In a country that is filled with contradictions when it comes to the role of its women — where women are both worshipped and killed in the womb, where women are increasingly expected to both earn their bread and manage domestic affairs with equal ease, Indian legislators decided to hand working women a well-deserved gift.
Maternity Benefit (Amendment) Bill, 2016
The Maternity Benefit (Amendment) Bill, 2016, was passed by the Lok Sabha on March 9, 2017. The bill entitles women in the organised sectors of our country to avail paid maternity leave up to 26 weeks. Previously, the paid maternity leave for women was limited to 12 weeks. The bill had been passed by the Rajya Sabha nine months ago, and is now awaiting the President’s approval to be deemed a law.
With the passing of the bill, the maternity leave entitlement as prescribed in the The Maternity Benefit Act, 1961, has been doubled. This will help protect the employment of women during their maternity and help produce healthier children, legislators argued. Over 1.8 million women in India will be benefitted from the new law.
Benefits to Women
According to the bill, all working women must be granted a fully paid maternity of 26 weeks for the birth of their first two surviving children. From the third child on, the maternity leave available will revert to 12 weeks, indirectly restricting the number of children born in the country.
In case of an employed women legally adopting a child (below three months of age), she shall be entitled to 12 weeks paid maternity leave from the day the child is handed over to her. The same benefit is also available to a commissioning mother who uses her egg to have a surrogate child.
Apart from this, the bill will also make it mandatory for businesses employing more than 50 employees to provide for a creche facility near the office.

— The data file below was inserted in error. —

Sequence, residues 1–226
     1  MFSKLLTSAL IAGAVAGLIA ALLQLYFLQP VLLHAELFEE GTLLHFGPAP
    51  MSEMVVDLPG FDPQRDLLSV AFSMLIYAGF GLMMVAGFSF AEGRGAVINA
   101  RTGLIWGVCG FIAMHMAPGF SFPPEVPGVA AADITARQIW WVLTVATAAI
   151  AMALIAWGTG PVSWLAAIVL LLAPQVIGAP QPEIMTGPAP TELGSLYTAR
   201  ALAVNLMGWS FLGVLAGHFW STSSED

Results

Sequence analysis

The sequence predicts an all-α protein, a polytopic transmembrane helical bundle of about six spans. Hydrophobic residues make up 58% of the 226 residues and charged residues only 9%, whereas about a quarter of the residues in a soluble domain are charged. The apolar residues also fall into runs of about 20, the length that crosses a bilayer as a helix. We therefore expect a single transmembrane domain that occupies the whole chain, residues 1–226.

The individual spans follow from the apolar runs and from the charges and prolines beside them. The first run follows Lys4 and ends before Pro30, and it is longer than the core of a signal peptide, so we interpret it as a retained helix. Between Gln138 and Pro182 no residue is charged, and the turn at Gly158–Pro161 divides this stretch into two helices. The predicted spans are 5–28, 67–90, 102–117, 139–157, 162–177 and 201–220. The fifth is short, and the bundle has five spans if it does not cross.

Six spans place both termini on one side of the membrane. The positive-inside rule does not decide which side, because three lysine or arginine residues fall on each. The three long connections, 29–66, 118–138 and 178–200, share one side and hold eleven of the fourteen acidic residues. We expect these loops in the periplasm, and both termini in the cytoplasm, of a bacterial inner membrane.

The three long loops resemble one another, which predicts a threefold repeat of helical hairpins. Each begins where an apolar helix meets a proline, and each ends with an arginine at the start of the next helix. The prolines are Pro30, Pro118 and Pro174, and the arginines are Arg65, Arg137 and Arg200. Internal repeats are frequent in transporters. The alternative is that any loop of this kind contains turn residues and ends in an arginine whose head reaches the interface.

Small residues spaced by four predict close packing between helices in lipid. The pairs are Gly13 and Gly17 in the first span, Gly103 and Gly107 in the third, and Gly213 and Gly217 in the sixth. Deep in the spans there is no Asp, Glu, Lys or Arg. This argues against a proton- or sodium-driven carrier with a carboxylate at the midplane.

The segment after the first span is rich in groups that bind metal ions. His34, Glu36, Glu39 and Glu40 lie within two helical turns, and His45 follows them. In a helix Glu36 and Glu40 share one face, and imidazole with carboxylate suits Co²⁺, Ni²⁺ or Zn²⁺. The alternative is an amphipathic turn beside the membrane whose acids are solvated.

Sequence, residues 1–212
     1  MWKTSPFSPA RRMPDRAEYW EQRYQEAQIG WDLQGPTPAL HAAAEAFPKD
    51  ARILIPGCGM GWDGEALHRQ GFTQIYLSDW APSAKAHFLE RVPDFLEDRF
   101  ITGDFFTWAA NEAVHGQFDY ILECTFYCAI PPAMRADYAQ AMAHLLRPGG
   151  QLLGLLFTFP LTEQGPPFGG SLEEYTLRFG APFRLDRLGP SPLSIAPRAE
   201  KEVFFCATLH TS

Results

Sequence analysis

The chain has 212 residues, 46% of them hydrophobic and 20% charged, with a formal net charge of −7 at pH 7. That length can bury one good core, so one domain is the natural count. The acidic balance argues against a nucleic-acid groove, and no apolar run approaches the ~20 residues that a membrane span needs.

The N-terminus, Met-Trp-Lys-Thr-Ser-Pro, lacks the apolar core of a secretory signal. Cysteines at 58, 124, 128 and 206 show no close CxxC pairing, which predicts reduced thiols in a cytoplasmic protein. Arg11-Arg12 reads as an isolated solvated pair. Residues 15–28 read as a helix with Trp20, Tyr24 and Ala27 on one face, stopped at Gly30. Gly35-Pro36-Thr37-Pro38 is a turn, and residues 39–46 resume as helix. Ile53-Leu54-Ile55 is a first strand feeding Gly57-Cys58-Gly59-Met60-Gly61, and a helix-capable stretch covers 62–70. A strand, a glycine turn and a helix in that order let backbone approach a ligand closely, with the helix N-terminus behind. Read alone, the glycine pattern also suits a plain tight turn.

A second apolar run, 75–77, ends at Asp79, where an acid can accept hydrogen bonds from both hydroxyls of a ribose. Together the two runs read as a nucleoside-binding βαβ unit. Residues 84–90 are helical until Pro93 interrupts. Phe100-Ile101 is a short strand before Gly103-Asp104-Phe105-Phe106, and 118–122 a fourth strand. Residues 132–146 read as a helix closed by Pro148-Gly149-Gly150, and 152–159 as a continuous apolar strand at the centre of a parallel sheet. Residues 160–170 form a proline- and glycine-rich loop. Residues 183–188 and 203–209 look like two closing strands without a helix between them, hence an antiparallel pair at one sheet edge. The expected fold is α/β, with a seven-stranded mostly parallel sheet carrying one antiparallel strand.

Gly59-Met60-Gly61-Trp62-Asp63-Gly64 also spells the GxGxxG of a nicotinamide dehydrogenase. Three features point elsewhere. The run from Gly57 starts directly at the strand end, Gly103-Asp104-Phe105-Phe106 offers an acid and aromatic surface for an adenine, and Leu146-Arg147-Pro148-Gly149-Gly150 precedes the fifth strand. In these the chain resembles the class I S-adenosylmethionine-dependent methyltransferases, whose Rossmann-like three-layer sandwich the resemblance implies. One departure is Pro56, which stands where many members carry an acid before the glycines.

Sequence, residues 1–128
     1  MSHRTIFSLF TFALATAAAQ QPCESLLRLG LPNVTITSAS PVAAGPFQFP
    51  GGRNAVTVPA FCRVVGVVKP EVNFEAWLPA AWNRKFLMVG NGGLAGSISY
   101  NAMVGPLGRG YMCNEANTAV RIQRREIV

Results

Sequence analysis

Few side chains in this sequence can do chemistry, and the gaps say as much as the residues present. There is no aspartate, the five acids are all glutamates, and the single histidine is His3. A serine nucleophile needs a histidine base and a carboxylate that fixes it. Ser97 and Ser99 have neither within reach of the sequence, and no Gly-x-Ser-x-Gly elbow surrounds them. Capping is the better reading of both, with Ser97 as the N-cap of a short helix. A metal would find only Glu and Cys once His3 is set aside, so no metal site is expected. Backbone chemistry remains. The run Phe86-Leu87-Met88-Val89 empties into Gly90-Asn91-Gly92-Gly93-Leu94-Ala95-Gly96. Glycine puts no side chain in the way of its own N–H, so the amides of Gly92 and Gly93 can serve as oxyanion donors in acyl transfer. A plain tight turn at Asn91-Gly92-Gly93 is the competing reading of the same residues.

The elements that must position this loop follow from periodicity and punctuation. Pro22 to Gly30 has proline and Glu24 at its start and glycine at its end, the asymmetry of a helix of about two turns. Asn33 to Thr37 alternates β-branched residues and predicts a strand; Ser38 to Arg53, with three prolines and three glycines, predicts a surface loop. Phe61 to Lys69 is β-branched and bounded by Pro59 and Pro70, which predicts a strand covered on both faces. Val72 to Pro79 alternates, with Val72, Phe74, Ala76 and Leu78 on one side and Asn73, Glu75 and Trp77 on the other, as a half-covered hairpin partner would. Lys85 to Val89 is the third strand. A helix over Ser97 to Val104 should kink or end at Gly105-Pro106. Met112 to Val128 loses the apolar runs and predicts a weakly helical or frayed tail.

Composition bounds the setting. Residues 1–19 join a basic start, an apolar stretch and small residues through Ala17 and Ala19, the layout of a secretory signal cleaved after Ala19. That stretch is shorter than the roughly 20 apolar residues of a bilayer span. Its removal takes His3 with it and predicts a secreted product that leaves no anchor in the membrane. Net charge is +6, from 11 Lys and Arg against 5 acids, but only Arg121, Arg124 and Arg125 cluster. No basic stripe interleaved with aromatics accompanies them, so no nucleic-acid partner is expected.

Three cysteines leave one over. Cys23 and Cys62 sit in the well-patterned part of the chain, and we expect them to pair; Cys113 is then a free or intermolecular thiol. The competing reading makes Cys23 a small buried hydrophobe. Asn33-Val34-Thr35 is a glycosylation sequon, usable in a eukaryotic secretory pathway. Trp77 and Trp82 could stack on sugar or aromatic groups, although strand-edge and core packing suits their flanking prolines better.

The bill not only highlights the role of women in the Indian workforce, but also encourages women to take up employment as a means to financial independence. According to a 2015 NITI Aayog research paper, the labour force participation rate (LFPR) for women in India is only 22.5 percent while the overall LFPR is pegged at 44 percent.
The bill also makes provisions for states to amend the law and provide for a greater period of paid maternity leave, if they so wish.
India Moves Ahead
Labour and Employment Minister Bandaru Dattatreya who had initially tabled the bill also moved it for consideration in the Lok Sabha. Only 53 members were present in the House including 11 women MPs. Dattatreya added that the government will be taking a number of steps for the welfare of women working in the unorganised sectors.
When the bill receives the President’s nod, India will be placed in the third position in the world going by the length of maternity leave provided to working women. Currently, Canada is at the top with 50 weeks leave and Norway comes next with 44 weeks. It places India way above most other OECD countries such as Japan, France, Germany, Australia, and the US going by the paid maternity leave provided to women.
Prime Minister, Narendra Modi went on social media to call the bill a “landmark moment in our efforts towards women-led development”. Others have called it India’s gift to women on International Women’s Day.
In the debate preceding the vote (for passing the bill), a number of MPs made a strong case for adding paternity benefits. Sushmita Dev, Congress MP, said, “Since the employer has to pay the salary during the leave period, the amendment might turn out to be counter productive. Innovative thing to do would be to bring in paternity benefit”.
A few other MPs made similar statements adding that some states already provide for a paid paternity leave. The government is yet to consider the nuanced issue of paternity and scenarios such as single fatherhood and adoption.